Agate Fossil Beds National Monument

Under the grass-covered hills along the Niobrara River in western Nebraska, sedimentary beds contain a rich concentration of 19-million-year-old fossils. Captain James Cook discovered the fossil beds in 1878 and acquired the site, called Agate Springs Ranch. Since then, fossil bones from the site have been exhibited around the world, and in 1965 the ranch became Agate Fossil Beds National Monument.

Agate Fossil Beds National Monument
©National Park Service
The Agate Fossil Beds house an amazing concentration of ancient fossils.

At the beginning of this century, the ranch was a headquarters for two noted paleontologists. In 1904, O. A. Peterson from the Carnegie Museum began the first scientific excavations on a hill overlooking the site. The next year, Professor E. H. Barbour from the University of Nebraska excavated an adjacent hill. Their respective domains became known as Carnegie and University hills. The paleontologists found dozens of skeletons in their excavations, including a small type of rhinoceros that was new to science.

The site is probably an ancient waterhole where thousands of these drought-stricken animals, and various other species, died. Perhaps the strangest-looking creature was the Moropus, a heavily built mammal with the head of a horse, neck of a giraffe, torso of a tapir, front legs of a rhinoceros, and hind legs of a bear. The ferocious Dinohyus, or "Terrible Pig," was a monstrous beast more than seven feet tall and ten feet long.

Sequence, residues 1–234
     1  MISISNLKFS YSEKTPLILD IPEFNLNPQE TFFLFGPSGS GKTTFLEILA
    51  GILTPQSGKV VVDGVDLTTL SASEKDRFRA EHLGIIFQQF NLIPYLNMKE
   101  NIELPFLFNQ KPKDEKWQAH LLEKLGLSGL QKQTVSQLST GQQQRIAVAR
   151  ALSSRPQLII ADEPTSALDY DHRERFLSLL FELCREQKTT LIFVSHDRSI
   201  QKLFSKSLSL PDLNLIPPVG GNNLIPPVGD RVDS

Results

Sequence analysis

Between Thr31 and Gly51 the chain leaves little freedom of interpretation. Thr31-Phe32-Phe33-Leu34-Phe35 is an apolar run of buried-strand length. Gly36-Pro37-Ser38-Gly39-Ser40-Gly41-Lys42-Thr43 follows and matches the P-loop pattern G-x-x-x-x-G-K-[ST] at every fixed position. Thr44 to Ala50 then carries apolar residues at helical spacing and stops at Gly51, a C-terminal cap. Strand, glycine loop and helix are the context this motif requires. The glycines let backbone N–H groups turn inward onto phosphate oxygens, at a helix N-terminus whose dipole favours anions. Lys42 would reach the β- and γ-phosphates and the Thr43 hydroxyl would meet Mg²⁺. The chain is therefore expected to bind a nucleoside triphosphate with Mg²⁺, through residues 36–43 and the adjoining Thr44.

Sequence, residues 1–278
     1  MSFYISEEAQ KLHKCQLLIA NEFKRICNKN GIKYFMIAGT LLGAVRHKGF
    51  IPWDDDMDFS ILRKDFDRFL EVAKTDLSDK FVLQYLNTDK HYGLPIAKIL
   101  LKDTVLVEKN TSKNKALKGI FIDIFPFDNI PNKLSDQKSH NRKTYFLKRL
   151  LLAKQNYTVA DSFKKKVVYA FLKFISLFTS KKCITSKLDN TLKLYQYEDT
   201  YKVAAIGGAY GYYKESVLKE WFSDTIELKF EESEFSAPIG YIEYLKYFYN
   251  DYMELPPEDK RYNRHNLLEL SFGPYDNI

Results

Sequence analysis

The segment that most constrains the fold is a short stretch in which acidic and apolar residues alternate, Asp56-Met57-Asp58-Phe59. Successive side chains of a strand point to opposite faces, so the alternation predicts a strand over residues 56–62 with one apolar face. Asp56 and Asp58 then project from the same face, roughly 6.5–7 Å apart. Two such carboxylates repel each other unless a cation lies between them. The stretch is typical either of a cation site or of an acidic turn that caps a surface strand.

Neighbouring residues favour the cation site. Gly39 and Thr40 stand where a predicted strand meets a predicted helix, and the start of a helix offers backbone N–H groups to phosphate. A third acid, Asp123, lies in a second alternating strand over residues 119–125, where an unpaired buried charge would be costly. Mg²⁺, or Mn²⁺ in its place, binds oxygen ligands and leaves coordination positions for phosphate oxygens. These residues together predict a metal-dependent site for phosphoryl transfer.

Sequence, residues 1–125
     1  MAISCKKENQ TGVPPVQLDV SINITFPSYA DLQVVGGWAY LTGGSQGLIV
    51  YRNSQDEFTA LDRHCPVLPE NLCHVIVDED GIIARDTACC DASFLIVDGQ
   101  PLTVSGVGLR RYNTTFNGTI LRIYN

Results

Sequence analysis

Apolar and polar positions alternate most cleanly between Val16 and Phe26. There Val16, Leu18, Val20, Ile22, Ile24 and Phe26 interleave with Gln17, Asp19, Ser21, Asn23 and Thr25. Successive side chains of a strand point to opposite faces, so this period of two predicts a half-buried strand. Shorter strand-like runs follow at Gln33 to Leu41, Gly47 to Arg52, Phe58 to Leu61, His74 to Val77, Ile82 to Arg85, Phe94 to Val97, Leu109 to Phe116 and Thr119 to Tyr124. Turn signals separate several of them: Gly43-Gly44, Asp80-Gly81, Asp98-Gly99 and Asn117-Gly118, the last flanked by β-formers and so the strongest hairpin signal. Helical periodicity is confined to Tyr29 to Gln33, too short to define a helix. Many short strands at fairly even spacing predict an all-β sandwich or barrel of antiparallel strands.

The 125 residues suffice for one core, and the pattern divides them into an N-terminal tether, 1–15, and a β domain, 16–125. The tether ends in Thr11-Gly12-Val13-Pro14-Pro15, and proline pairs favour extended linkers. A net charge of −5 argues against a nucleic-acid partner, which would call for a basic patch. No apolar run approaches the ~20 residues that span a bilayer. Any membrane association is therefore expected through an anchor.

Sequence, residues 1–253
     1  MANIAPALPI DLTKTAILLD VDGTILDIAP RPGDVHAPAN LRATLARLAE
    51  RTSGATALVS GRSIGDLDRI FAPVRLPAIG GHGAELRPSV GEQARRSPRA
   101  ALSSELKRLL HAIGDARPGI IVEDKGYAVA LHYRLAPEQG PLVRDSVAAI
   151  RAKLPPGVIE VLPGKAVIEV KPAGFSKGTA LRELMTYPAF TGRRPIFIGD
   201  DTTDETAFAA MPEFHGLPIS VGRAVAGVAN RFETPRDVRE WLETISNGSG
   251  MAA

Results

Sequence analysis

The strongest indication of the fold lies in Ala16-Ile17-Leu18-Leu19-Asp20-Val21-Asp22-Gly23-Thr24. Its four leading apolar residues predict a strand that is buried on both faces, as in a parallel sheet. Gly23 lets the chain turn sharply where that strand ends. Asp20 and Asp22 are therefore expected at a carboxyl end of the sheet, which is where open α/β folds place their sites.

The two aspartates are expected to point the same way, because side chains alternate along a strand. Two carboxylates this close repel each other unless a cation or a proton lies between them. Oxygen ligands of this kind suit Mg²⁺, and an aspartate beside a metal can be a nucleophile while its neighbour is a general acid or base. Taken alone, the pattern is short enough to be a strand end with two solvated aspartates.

A paved interpretive trail leads to quarry sites on Carnegie and University hills where the fossil layer is partially exposed, allowing visitors to see the fossil bones of ancient mammals in their natural state. Another trail leads to two sites that contain "devil's corkscrews," fossils that initially confounded paleontologists. The corkscrews turned out to be fossilized burrows built by palaeocastors, ancient beavers who were more like prairie dogs than modern-day beavers.

Except for livestock grazing the hills, the surrounding landscape is relatively wild, inhabited by mule deer, pronghorns, coyotes, and other animals. Cottonwoods and willows follow the river through the flat, open valley, which is carpeted with grasses and wildflowers.

Agate Fossil Beds National Monument Information

Address: 301 River Rd., Harrison, NE
Telephone: 308/668-2211
Hours of Operation: Open daily 8 a.m. - 6 p.m. Memorial Day through Labor Day; 8 a.m. - 4 p.m. throughout the rest of the year; closed Thanksgiving, Christmas and New Year's Day

Admission: $3; children under 16 free

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To learn more about national monuments, memorials, and historic sites, and other travel destinations in North America, visit:


Eric Peterson is a Denver-based author who has contributed to numerous guidebooks about the Western United States.